Second. We now consider what we think is the turning question in the case, that is, whether the contract is void because plaintiff failed to know what it contained. It is clear from this record and the findings of the court that Vargas understood that he was signing a contract fixing the terms and compensation under which he was to furnish pictures for defendant and that Vargas knew that Smart was representing defendant as its agent in executing the contract. There are but six paragraphs in the contract.It is written in plain and ordinary language and is readily understandable.
It is a rule universally recognized that a written contract is the highest evidence of the terms of an agreement between the parties to it, and it is the duty of every contracting party to learn and know its contents before he signs it. And in the absence of fraud, which must be proved by clear and convincing evidence (Bundesen v. Lewis, 368 Ill. 623, 15 N.E.2d 520), a man in possession of all his faculties, who signs a contract, cannot relieve himself from the obligations of the contract by saying he did not read it when he signed it, or did not know or understand what it contained. Upton v. Tribilcock, 91 U.S. 45, 50, 23 L. Ed. 203. To be sure, if his signature is secured by some fraudulent trick or device as to the context of the contract, which prevents him from reading the agreement, he may be proper action avoid the contract. Ford Motor Co. v. Pearson, 9 Cir., 40 F.2d 858, 867. But the contract cannot be avoided by proof that one of the parties, if he was sound in mind and able to read, did not know the terms of the agreement. One must observe what he has reasonable opportunity for knowing; the law requires men, in their dealings with each other, to exercise proper vigilence and give their attention to those particulars which may be supposed to be within reach of their observation and judgment and not to close their eyes to the means of information which are accessible to them. A person is presumed to know those things which reasonable diligence on his part would bring to his attention.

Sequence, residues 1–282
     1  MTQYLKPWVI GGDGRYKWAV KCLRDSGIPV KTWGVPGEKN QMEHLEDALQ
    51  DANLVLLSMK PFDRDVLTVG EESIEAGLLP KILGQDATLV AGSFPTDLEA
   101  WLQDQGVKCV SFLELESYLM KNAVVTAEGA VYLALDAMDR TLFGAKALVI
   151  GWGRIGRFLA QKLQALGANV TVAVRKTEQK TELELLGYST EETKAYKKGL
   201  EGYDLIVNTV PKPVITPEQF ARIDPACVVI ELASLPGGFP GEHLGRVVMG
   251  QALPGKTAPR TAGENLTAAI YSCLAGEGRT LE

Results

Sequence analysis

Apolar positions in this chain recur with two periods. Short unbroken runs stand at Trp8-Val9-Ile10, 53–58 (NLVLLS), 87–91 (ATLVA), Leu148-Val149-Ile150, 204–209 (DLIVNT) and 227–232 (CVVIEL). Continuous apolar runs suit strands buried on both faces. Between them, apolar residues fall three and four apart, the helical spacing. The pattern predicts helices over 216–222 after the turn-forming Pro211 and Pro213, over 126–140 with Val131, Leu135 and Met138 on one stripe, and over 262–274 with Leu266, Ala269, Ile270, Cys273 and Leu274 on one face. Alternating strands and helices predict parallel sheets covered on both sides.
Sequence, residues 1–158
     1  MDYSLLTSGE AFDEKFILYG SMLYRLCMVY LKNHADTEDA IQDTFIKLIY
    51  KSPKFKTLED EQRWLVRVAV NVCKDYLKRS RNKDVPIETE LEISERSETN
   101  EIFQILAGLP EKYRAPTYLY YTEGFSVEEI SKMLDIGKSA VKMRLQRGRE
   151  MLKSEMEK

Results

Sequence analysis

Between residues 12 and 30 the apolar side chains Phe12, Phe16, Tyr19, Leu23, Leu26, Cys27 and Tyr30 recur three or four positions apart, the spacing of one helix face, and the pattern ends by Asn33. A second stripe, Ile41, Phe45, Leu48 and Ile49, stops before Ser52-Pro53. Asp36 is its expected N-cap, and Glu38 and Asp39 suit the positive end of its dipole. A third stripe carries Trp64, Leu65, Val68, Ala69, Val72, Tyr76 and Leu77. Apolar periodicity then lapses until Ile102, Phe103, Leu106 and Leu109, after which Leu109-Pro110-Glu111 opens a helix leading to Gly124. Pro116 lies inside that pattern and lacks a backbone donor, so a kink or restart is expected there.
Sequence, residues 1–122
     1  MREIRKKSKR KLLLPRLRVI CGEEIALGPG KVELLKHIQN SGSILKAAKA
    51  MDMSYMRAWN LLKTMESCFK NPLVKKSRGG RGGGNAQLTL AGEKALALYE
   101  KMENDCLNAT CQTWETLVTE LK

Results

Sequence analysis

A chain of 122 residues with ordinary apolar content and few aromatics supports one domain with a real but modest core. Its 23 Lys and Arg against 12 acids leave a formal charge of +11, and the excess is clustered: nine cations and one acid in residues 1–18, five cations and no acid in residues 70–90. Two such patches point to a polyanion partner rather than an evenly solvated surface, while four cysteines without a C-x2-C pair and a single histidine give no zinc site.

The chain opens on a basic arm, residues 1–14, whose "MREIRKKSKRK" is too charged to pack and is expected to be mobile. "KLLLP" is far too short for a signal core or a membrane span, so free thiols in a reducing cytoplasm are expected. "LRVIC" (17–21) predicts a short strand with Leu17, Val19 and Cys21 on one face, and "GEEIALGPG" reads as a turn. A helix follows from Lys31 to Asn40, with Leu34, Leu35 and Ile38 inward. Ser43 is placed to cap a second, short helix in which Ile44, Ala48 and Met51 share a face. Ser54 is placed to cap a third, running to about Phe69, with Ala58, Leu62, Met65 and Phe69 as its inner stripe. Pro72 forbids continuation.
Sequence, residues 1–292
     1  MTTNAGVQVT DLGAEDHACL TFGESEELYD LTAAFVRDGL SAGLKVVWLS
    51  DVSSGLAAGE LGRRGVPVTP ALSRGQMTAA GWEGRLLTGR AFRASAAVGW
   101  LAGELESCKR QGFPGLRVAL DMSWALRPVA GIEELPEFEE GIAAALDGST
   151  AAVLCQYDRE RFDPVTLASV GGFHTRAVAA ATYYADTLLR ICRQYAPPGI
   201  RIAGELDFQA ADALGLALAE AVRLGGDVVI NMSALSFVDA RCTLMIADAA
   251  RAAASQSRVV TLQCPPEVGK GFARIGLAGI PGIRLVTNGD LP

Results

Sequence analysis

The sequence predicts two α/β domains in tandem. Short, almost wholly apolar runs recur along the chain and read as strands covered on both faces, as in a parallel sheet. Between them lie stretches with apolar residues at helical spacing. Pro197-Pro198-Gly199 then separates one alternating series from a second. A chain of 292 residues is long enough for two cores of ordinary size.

In the instant case the evidence showed and the court found that Vargas had resided in the United States since 1916; that "he writes English very well, speaks good English"; that "Vargas and his wife were both capable of reading and understanding the English language at the time of the execution of the contract"; and that "prior to the signing of the contract the plaintiff was requested * * * ...